“But obviously, League City and Friendswood, who are the primary beneficiaries, would have to get federal funding,” he said.
Friendswood city officials declined to comment, pending a formal presentation on the projects from Freese and Nichols.
Gettinger said there are several potential funding partners. State offices such as the Texas General Land Office to federal groups such as the Army Corps of Engineers may be willing to help fund projects with a local match, but funding partners come with their own challenges, such as ensuring projects attain certain cost-benefit ratios, Gettinger said.
A local funding option would be to create a Dickinson Bayou flood control district or revive the one that once existed in the Clear Creek watershed.
The Clear Creek Flood Control District, which covered area counties including Harris and Galveston, was created by the Texas Legislature in the mid-1990s to fund regional drainage projects. A vote by residents to grant taxing authority to the district failed in the late ‘90s, so the district was never fully established, and it would take legislative approval to revive it, officials said.
In a similar but unrelated vein, such a district made up of Galveston, Harris and other counties is being considered at the state level to help fund the coastal barrier to protect the Greater Houston area from storm surge flooding, said Sen. Larry Taylor, R-Friendswood. Meanwhile, the regional projects Freese and Nichols have proposed would alleviate riverine flooding—a separate issue.
House Bill 3029, which would create the district, has not been finalized, but it is probable the district would need to tax residents at least $0.025 per $100 valuation to afford the maintenance the project would require.
“That’s a very small price to pay for the huge amount of protection we’d be getting,” Taylor said.
Meanwhile, Baumgartner said regional flood control districts could cost as much as $0.25 per $100 valuation, or $600 to $800 annually for the average homeowner.
“Frankly, very few people support another taxing entity. That idea has been turned down by the citizens before,” Ratisseau said, adding it is not “practical” to create a local taxing district when one is being considered for the coastal barrier.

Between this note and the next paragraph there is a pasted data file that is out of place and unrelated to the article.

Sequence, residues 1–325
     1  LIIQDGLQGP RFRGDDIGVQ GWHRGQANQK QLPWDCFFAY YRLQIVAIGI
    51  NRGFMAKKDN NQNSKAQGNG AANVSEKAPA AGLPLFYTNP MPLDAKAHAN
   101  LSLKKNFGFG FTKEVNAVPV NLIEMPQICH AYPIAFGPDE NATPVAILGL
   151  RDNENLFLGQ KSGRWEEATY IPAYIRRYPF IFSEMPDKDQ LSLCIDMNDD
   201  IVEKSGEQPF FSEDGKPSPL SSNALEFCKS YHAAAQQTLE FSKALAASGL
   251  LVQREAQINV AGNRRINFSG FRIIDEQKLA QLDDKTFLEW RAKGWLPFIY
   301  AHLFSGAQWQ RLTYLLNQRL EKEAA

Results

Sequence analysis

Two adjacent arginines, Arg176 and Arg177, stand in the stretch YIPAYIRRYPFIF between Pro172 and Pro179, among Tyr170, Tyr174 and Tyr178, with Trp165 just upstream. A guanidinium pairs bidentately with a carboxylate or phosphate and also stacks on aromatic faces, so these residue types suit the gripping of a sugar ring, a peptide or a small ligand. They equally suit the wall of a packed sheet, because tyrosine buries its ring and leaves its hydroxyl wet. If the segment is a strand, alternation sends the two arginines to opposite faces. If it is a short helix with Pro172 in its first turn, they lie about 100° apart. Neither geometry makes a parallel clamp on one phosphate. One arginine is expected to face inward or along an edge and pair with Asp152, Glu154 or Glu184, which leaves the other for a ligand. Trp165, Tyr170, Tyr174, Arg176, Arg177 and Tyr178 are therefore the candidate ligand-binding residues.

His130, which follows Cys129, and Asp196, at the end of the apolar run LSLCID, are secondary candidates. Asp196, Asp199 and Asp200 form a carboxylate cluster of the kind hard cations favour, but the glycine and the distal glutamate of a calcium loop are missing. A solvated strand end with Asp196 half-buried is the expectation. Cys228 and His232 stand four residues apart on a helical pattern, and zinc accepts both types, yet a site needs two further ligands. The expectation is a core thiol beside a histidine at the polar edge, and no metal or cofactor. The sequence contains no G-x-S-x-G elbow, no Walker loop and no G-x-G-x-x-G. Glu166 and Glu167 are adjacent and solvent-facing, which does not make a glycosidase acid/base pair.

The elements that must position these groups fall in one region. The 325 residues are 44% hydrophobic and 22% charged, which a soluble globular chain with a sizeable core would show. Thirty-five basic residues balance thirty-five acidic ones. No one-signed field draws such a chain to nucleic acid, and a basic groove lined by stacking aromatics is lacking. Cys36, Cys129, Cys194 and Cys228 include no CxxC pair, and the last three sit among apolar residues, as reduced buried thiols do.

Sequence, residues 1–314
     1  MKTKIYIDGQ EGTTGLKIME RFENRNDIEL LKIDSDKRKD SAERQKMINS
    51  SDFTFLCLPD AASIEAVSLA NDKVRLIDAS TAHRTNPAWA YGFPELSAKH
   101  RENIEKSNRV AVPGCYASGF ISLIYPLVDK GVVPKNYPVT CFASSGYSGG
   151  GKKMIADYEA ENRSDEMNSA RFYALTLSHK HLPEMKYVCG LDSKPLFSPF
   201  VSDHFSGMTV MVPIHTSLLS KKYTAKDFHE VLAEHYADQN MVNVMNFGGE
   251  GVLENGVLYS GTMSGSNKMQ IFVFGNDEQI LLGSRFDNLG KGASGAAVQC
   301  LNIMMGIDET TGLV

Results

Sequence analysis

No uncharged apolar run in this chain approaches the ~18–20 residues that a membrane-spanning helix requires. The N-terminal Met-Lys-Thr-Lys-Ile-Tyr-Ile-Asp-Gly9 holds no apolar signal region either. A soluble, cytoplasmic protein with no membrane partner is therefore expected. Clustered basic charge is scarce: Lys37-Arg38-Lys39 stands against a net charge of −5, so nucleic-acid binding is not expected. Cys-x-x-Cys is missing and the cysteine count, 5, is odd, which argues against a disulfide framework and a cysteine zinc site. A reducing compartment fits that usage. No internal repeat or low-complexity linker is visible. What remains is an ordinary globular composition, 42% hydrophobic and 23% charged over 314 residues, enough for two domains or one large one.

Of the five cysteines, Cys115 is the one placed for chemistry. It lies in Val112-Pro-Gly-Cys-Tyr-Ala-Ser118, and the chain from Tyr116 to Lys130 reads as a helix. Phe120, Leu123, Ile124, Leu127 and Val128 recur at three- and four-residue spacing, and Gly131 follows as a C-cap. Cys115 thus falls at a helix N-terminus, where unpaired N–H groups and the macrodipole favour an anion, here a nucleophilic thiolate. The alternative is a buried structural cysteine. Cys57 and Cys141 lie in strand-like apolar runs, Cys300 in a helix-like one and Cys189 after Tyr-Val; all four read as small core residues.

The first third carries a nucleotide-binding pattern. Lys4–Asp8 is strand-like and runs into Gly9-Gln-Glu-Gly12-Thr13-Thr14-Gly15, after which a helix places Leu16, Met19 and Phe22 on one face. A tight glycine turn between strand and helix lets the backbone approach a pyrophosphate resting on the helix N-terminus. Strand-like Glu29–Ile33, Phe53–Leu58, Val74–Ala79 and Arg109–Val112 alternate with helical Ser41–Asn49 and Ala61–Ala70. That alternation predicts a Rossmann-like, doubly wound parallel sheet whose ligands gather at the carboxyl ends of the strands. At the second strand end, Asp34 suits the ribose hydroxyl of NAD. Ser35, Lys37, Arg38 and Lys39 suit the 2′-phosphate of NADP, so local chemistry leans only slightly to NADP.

Rockey said he would expect many residents whose homes did not flood during Harvey to balk at the idea of increasing their taxes for major drainage projects. Then again, even when residents’ homes do not flood during storms, they are affected economically by living in cities that experience flood damage, Rockey said.
“Everybody has to make those decisions on taxes, including me,” he said.
Galveston County Precinct 4 Commissioner Ken Clark, who represents parts of Friendswood and League City, said residents will have to decide the importance of flood control.
“People don’t want to flood, and, unfortunately, somebody’s got to pay for these projects,” he said. “Are we really interested in flood control, or are we just giving it lip service?”
Freese and Nichols officials said they have seen cities pull off massive, expensive regional projects before.
“If you have the community support and the political support ... large projects like this can happen,” said Jim Keith, technical lead with Freese and Nichols. “It’s ... big costs, but that doesn’t mean it’s impossible.”
The Freese and Nichols team is going to take feedback it receives about the proposed projects, process it and come back with final recommendations around late May. Those ideas will be pushed out the public, and, ultimately, cities will work to build consensus on what should be done to address flooding, Baumgartner said.
“It’s all for naught if we can’t ... make all our communities more resilient to the flooding,” he said. “I welcome the challenge.”